- Michael C. Wright, ESPN Staff Writer
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LAKE FOREST, Ill. -- Preparation for a playoff run demands focus on the present, but that doesn't mean the Chicago Bears aren't dialed in to arranging the pieces for 2011, regardless of current labor uncertainty.
The club recently brought back all the scouts to the offices at Halas Hall for December meetings, which are typically conducted at the completion of the college regular season, to make a determination on the direction the Bears need to take headed into the bowls and college all-star games.
For the personnel staff, the meetings serve as somewhat of a jumping-off point and foundation for the 2011 NFL draft, allowing the Bears to stack a broad and preliminary position-by-position draft board they'll gradually whittle down in the coming months.
"We've got it all set just like everybody else," said Bears general manager Jerry Angelo. "We try to bring scouts in and get a preliminary list. You're looking at about 700 to 800 kids, close to 1,000 starting in the summer. What you want to do is go into the all-star and bowl games, and what you want to do now is pare down the list."
With the coaching staff deep in preparations for Sunday's NFC divisional matchup with the Seattle Seahawks, the scouting staff -- in addition to its duties in advance scouting of potential playoff opponents -- takes on an exclusive role in evaluating prospects at the Football Bowl Subdivision bowl games and playoffs for the smaller schools competing in the Football Championship Subdivision (formerly Division I-AA) and below. Teams can often uncover unheralded steals in the FCS.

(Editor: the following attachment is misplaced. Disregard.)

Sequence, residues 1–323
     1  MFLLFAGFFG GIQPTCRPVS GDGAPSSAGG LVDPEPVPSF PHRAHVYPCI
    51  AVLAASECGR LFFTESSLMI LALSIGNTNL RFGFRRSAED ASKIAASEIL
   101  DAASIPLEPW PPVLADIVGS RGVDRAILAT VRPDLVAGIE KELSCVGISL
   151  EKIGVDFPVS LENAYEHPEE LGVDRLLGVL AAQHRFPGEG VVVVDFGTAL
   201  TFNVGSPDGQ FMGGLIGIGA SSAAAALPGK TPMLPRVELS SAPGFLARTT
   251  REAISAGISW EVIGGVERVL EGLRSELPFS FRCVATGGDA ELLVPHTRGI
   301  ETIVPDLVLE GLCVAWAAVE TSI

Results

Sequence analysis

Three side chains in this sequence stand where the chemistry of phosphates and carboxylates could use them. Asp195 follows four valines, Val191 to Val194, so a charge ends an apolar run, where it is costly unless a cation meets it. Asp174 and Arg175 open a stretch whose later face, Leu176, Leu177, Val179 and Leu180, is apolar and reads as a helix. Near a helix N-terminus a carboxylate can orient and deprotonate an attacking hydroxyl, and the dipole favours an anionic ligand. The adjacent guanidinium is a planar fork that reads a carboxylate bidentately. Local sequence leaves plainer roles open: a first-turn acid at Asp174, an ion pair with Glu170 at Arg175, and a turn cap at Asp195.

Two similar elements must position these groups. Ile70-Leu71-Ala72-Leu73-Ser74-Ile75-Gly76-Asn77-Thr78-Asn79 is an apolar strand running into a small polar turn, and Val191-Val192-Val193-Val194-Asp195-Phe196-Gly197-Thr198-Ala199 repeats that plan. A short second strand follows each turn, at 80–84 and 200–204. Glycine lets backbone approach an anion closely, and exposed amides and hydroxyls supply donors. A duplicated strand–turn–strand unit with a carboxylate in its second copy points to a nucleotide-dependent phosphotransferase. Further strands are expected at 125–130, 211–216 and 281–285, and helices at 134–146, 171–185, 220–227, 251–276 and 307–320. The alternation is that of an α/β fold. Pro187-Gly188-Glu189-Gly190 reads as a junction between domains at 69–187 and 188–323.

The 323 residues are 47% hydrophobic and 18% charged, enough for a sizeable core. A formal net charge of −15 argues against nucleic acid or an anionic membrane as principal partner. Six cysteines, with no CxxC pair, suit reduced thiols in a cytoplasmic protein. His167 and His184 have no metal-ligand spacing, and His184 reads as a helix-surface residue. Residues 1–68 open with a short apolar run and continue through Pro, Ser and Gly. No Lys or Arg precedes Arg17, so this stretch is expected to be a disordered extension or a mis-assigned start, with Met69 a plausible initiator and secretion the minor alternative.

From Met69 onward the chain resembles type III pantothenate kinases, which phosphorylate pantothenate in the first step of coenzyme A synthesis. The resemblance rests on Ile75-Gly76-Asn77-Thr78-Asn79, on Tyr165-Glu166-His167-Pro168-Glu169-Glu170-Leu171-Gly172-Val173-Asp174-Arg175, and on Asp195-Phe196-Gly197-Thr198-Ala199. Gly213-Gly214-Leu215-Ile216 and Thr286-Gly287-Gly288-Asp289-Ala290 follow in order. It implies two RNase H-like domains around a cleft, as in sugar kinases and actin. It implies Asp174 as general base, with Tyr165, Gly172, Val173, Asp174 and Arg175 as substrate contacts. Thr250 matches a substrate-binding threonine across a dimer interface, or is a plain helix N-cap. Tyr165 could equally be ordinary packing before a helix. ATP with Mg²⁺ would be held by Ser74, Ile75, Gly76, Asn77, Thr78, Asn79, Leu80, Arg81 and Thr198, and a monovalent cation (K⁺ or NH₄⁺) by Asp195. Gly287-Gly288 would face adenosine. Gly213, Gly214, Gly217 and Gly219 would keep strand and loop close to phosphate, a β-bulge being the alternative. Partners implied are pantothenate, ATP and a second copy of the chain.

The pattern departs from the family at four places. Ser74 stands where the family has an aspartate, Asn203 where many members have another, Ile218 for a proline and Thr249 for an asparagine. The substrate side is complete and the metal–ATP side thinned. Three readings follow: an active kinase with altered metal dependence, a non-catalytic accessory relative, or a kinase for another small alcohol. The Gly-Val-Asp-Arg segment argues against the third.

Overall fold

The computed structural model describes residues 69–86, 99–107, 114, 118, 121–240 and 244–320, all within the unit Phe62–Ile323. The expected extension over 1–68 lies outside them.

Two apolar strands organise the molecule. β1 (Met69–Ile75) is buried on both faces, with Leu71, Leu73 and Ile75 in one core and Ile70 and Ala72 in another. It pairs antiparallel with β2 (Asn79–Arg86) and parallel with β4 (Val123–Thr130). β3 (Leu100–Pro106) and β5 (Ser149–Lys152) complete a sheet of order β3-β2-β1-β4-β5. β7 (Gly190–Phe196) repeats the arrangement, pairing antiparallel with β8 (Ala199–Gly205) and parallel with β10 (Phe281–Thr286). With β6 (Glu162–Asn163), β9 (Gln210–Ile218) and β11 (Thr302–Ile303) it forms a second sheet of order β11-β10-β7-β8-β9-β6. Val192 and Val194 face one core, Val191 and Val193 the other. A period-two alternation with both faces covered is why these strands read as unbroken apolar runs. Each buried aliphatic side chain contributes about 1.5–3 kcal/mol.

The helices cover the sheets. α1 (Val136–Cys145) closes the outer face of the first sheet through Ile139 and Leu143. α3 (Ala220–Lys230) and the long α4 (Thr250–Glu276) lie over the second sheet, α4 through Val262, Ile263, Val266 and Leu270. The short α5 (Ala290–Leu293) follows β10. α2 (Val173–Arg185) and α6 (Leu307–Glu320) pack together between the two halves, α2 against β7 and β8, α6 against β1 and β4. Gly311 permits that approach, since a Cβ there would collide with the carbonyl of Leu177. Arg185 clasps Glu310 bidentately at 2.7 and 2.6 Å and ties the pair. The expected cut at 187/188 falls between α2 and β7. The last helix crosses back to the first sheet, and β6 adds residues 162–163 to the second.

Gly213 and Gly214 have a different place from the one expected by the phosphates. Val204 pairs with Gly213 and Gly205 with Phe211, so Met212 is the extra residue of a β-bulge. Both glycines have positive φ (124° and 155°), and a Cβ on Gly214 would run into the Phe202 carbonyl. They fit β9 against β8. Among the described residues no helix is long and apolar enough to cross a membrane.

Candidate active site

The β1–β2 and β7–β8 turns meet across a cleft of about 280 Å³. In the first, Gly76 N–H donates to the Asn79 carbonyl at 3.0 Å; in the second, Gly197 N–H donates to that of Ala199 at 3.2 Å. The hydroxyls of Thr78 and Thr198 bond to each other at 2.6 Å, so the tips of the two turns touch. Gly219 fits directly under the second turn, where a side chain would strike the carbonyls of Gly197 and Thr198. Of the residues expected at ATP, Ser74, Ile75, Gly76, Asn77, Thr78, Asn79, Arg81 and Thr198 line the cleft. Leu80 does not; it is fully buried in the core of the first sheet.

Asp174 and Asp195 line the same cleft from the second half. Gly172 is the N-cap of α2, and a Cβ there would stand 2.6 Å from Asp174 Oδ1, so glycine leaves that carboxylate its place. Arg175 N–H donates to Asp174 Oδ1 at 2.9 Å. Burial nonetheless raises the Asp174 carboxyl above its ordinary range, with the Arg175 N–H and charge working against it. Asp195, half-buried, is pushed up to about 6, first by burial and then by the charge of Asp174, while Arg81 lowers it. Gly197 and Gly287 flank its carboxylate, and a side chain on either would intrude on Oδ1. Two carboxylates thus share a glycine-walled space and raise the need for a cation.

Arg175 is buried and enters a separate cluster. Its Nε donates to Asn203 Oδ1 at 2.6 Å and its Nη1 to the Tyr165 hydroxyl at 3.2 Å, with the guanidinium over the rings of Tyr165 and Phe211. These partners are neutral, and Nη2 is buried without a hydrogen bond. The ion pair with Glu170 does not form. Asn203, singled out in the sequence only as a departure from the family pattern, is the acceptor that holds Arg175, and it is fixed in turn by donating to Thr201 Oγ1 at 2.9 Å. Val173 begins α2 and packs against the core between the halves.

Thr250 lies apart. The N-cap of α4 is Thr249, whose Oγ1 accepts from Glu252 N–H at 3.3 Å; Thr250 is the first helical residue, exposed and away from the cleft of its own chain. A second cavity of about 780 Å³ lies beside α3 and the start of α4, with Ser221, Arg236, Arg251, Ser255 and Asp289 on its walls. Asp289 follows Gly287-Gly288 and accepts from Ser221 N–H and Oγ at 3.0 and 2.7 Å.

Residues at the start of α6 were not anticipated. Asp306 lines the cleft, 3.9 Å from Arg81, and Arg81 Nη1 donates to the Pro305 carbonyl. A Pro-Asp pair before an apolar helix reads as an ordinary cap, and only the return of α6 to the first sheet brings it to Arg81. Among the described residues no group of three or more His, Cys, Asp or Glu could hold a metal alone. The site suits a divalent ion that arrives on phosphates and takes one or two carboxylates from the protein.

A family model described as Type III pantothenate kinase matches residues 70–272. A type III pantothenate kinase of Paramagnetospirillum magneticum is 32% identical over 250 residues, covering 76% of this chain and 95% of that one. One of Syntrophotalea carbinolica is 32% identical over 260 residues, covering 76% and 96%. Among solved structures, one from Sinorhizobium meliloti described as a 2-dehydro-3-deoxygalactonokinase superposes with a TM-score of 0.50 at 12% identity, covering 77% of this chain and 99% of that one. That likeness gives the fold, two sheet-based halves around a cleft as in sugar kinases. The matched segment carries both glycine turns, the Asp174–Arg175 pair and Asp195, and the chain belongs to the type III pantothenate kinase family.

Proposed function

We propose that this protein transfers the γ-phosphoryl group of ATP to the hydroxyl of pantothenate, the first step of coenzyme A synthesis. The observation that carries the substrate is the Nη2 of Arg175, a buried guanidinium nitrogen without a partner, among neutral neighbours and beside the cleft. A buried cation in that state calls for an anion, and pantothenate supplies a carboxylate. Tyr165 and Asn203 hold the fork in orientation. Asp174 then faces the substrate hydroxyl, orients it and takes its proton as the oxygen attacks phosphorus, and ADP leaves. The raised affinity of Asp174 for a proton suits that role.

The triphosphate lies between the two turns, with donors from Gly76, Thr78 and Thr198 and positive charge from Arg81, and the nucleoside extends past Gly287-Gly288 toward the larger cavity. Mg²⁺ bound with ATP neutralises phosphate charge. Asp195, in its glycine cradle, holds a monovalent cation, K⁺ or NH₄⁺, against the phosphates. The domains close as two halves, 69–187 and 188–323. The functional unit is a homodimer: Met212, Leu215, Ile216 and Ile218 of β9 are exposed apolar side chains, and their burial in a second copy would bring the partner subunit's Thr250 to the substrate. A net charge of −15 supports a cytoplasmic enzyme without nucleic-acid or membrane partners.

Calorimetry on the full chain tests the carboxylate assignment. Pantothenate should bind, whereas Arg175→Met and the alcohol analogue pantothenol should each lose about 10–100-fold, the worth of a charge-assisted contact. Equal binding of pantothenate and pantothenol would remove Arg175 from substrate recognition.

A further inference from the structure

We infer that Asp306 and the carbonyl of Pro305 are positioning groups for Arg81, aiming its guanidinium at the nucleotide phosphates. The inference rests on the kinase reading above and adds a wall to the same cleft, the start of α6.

Once the NFL playoffs -- or Super Bowl, if that winds up being the case -- come to an end, the Bears' coaching staff gets involved in the evaluation process. Offensive line coach Mike Tice put Webb through workouts prior to the team drafting the starting right tackle, the same way defensive backs coach Jon Hoke worked out safety Major Wright before the team selected him in the third round.
"You want to get it down to the proverbial hot list [at the December meetings], so when you start to go to all the bowl games, and all-star games, we can start to get a fix on the players that we feel fit us," Angelo said. "You probably can get that list pared down to maybe 250 players approximately. We do it every year, and it's the same this year. It's no different. We all do a little tweaking here and there, but I think everyone around the league does it about the same."
The Bears are preparing for their first draft since 2008 in which they'll have a first-round pick. The team's trade for quarterback Jay Cutler cost it first-round selections in 2009 and 2010. Three of the team's last four first-rounders -- Tommie Harris, Greg Olsen and Chris Williams -- are current starters, and one -- Cedric Benson -- is no longer with the team.
Quarterback Dan LeFevour is the only member of the 2010 draft class no longer on the roster, and the other four players -- Wright, Corey Wootton, Josh Moore and Webb -- have logged playing time this season.
Angelo has taken criticism for some of his selections in recent years, which only increases the pressure for the general manager making a first-round pick for the first time in three years. Further complicating the draft, which is already a crap shoot, is Chicago's potential positioning in the first round.
As it stands now, the Bears will pick near the bottom of the first round, meaning all of the players widely regarded as can't-miss prospects -- which includes players in all of the team's positions of need -- will be off the board by the time they get on the clock.
Michael C. Wright covers the Bears for ESPNChicago.com and ESPN 1000.
1dEric D. Williams